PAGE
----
In a dystopian near future, single people, according to the laws of The City, are taken to The Hotel, where they are obliged to find a romantic partner in forty-five days or are transformed into beasts and sent off into The Woods.
Michael Stone, an author that specializes in customer service, is a man who is unable to interact deeply with other people. His low sensitivity to excitement, and his lack of interest made him a man with a repetitive life on his own perspective. But, when he went on a business trip, he met a stranger - an extraordinary stranger, which slowly became a cure for his negative view on life that possibly will change his mundane life. Written by
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When we are looking out of the hotel room at the city through the rain-spattered glass, the moon rises in the night sky followed by the sun rising in the morning from right to left, which is the wrong direction for the the Northern Hemisphere, where the movie is set. See more »
"Anomalisa" is Kaufman at his most unusual - and most awkward.
An anomaly, according to Miriam-Webster's online dictionary is "something that is unusual or unexpected." For example, an animated feature film for adults could be called an anomaly among animated movies. Another example could be an R-rated animated movie receiving an Academy Award nomination for Best Animated Feature Film, an Oscar-related anomaly. Both examples of the use of the word anomaly apply to "Anomalisa" (R, 1:30), the adult animated feature film from Charlie Kaufman. It's a movie based on a radio play (another anomaly) that Kaufman wrote in 2005. The film uses only three voice actors, they happen to be the same voice actors who originally performed the radio play, the animation is of the stop-motion variety and uses marionettes. Chalk up four more anomalies, an unexpectedly large number for a single movie and I have yet to start describing the film's plot.
Michael Stone (voiced by David Thewlis) is a British author living in Los Angeles. Michael has a devoted wife and son at home, but he still feels desperately lonely. He is also, to borrow a phrase from Bruce Springsteen, tired and bored with himself. He seems to get no joy out of anything in his life and often worries that he is losing his mind. Everyone he meets seems to have the same face and speak with the same voice. And, within the film, both of those are the case, courtesy of the animation work of Kaufman's co-director Duke Johnson and the voice work of actor Tom Noonan. Early in the film, the hotel where Michael checks in is even called the Fregoli, a reference to a rare psychological disorder in which someone believes that everyone he or she meets is actually the same person wearing disguises.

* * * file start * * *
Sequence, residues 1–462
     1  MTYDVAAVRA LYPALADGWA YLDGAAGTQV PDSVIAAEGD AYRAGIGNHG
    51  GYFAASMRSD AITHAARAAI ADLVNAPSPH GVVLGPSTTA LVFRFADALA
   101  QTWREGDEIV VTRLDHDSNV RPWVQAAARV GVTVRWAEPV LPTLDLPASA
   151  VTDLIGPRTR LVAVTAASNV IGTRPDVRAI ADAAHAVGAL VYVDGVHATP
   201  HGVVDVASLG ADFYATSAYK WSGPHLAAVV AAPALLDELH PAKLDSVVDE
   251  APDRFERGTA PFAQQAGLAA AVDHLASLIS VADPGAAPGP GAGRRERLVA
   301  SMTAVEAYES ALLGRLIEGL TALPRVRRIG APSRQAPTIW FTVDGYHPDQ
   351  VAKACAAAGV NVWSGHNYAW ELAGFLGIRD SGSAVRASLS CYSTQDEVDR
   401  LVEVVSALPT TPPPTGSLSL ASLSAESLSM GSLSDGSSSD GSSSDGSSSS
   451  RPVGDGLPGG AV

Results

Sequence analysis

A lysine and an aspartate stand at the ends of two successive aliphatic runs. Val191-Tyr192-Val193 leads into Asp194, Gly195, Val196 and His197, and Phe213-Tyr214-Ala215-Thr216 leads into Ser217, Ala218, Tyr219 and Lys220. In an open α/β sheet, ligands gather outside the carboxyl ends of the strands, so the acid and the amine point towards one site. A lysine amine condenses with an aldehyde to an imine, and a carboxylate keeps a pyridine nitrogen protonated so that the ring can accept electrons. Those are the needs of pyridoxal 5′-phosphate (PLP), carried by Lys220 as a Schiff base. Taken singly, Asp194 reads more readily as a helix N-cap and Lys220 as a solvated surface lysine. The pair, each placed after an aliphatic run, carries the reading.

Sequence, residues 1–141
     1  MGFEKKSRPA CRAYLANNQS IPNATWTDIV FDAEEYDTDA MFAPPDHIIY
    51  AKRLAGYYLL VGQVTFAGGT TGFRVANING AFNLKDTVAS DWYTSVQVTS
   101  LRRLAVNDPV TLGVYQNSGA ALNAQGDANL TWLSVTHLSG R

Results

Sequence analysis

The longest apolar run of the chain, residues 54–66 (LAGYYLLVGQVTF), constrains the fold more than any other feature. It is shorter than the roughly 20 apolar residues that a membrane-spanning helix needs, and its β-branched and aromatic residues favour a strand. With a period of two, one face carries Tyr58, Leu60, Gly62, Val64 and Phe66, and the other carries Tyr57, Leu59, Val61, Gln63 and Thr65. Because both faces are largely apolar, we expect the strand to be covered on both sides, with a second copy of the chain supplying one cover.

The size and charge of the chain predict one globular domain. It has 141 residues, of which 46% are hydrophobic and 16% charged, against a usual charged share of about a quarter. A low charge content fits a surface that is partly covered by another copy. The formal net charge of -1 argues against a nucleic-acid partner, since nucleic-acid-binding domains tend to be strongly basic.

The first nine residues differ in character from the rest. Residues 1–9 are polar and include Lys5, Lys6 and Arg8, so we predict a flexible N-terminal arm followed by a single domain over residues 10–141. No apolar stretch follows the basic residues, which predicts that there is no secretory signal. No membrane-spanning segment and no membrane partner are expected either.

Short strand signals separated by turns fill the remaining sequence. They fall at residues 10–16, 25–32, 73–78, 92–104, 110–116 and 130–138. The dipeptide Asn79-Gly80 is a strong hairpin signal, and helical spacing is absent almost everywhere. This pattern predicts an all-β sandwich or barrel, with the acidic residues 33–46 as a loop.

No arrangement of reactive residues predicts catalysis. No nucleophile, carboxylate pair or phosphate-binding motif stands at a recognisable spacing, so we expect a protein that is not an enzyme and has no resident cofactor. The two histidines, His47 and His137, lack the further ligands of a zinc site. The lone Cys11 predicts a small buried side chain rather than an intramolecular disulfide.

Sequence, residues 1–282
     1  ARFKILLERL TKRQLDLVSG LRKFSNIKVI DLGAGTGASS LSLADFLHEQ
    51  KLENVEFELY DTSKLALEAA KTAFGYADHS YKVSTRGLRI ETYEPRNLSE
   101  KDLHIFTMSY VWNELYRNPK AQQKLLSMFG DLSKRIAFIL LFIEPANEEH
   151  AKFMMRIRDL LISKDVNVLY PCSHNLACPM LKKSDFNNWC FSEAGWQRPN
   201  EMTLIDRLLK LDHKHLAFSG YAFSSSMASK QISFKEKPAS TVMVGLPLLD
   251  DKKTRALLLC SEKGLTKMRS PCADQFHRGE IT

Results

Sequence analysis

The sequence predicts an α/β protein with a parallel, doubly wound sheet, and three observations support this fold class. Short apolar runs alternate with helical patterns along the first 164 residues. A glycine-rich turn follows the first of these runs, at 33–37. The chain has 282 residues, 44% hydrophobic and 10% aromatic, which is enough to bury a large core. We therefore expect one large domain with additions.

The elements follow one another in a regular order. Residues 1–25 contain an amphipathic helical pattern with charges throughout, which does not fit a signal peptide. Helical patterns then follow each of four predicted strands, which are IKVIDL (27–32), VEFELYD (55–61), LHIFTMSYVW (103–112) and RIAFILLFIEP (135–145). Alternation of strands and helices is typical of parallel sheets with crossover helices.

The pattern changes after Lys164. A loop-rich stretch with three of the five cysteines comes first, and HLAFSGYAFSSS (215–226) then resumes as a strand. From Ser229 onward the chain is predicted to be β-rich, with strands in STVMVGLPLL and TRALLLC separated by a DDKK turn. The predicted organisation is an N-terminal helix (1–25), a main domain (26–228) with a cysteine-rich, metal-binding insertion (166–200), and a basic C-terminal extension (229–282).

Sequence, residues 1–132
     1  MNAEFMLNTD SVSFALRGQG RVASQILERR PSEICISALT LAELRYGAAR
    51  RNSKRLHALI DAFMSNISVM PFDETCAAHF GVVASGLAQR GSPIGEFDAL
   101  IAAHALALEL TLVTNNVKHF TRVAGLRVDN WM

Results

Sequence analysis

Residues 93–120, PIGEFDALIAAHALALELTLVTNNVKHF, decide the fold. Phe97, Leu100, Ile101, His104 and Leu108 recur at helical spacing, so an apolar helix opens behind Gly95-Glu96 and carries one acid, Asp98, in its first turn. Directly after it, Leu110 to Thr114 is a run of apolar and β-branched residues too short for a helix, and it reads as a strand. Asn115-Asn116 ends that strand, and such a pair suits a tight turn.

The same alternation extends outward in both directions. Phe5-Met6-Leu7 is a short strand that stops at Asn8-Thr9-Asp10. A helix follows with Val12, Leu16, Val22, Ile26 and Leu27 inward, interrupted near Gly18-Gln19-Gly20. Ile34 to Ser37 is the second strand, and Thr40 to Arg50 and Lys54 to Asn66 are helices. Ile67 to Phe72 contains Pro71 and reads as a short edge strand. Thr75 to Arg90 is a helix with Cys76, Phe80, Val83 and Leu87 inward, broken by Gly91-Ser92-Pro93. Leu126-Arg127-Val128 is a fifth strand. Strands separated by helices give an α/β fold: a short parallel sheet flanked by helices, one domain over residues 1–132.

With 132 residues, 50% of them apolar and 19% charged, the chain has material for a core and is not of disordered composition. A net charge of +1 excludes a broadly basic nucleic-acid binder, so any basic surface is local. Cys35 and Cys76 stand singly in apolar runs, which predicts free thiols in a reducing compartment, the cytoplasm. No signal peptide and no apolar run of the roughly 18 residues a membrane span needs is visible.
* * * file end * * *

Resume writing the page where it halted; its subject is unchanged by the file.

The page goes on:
Michael is in Cincinnati to speak at a conference of customer service professionals about his newest book, "How May I Help You Help Them?" We see him having awkward conversations with another passenger on his flight, then the cab driver who takes him to the Fregoli Hotel, then the bellboy who takes him to his room, then his wife whom he calls from his room, then an old girlfriend whom he calls next. What follows are several awkward encounters with fellow hotel guests he meets while knocking on doors looking for a person whose voice he heard from inside his room – a voice that sounded different from the voice he hears coming out of every other person he encounters throughout his day.
Then, Michael finds that unique voice (Jennifer Jason Leigh) coming out of a face which he also sees as different from everyone else. Her name is Lisa and she happens to be in town for that conference – mostly because she wants to hear his speech. Michael invites Lisa and her co-worker/roommate (also voiced by Tom Noonan) to come down to the hotel bar for drinks. As they drink and talk, Michael's attachment to Lisa grows. Lisa explains how she learned many new big words from reading Michael's book, including the word anomaly, which she likes because she herself feels "different" and "unusual". Michael dubs her "Anomalisa" and thinks she may be the one person who can break him out of his funk.
"Anomalisa" is one of the most unusual movies you'll ever see. I just wish that were a good thing. The film is very creative, but also just plain weird. The situations in which we see Michael early in the film are too mundane to be interesting and his excruciatingly banal interactions with a series of people who have the same voice and basically the same face become increasingly uncomfortable to watch. When a few things that can actually be called unusual take place, they're just too strange to be entertaining. At several points during this movie, I came close to walking out of the theater. After Michael meets Lisa, the story finally gets a little bit interesting, but maintains its unpleasant awkwardness in almost every scene and ends in a way that I found unsatisfying and pointless.
A few times during the film, the words "What the ---- is this?!?" popped into my head. As the closing credits started to roll, that question came back to me as, "What the ---- WAS THAT?!?" Just then, a man in the row behind me vocalized my thoughts word-for-word. Someone else responded with a tentative "I liked it." I can hardly imagine why. I'll give some credit to Kaufman and company for the creative animation (even as odd as it felt to see such ahem, "anatomically correct" marionettes) and I respect the film's message of breaking out of life's ruts, but this movie seems to want to be weird just for the sake of being weird. "Anomalisa" is an anomaly in many ways, but few of them are entertaining. "D+"
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